A while back I wrote about how Ursula K LeGuin asked the question “what was the young great wizard like?” But as far as I know, up until Terry Pratchett no one had asked “what was the young great witch like?” There are young women who become great witches, but that tends to happen after the book is over (as in Diana Wynne Jones’ The Spellcoats, and in adult novels like The Mists of Avalon childhood is merely a prelude).
Terry Pratchett’s witch novels are held together by the glue that is Granny Weatherwax and Nanny Og. They are two old ladies you know already, who in the world of Discworld are witches. We know what Nanny Og was like when she was young (she had an unknown number of husbands starting quite quick), but what was Granny Weatherwax like?
She was like Tiffany Aching. Tiffany Aching has “first sight and second thoughts,” a clever way of saying that she actually pays attention to what she sees, then acts instead of just reacting. Sometimes. Other times, she just does what seems natural and gets in enormous trouble for it.
When I say that Terry Pratchett asked the complementary question “what was the young great witch like,” he didn’t just put a great wizard in a dress or something ridiculous. Tiffany’s journey is very different than a young man’s journey would be. She is, for example, far more connected to people than the transient young man who becomes a wizard–to her past, to her family, to her land. But she too is sometimes blinded with arrogance, certain she can do anything (and forced to pay the price). She too must leave home and come back changed.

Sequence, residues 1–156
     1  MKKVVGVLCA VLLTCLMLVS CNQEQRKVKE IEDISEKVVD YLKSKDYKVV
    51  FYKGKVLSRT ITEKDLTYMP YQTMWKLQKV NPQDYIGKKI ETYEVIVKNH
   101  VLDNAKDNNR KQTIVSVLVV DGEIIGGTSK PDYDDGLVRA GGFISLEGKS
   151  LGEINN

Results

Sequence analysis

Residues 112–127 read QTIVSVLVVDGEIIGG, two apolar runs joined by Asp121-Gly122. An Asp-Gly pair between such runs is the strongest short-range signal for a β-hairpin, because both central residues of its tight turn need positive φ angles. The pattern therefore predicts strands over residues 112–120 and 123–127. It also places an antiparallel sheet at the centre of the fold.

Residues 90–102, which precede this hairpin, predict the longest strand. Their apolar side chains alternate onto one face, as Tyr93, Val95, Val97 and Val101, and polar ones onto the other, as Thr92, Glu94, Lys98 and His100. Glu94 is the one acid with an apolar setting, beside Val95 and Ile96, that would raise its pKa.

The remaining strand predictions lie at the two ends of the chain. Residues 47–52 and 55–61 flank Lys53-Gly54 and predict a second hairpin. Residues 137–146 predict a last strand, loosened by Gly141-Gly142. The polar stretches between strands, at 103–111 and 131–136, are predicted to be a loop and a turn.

Yet, Tiffany’s greatness is of a different sort. In “The Shepherd’s Crown,” someone (I won’t say who) asked Granny Weatherwax why, when she could have done anything, when she could have ruled kingdoms and uprooted mountains, she had instead lived in a tiny village, in a cottage. Granny Weatherwax never even learned to spell. She answered that she didn’t want to do any of that. She just wanted her cottage, her place to rule and keep together.
That’s what ultimately set the witches of Terry Pratchett’s world apart from the great wizards of fantasy. Wizards seek to shake the world itself, to be the men who wrought change across time itself. Witches see the world inside every person, and they shift and shake those thousands of worlds instead of the big one. And both are needed, in the world of fiction and in our own world.